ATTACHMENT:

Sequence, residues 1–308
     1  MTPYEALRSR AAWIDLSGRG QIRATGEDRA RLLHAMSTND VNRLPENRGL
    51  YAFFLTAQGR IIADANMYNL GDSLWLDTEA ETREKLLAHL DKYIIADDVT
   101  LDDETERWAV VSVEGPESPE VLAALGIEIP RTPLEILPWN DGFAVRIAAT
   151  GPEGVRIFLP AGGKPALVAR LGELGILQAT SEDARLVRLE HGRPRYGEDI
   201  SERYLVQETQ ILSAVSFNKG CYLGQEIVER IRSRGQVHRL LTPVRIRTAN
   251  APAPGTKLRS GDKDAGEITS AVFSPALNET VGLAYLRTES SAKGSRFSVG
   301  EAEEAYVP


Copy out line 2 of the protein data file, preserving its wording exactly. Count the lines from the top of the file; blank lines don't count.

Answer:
     1  MTPYEALRSR AAWIDLSGRG QIRATGEDRA RLLHAMSTND VNRLPENRGL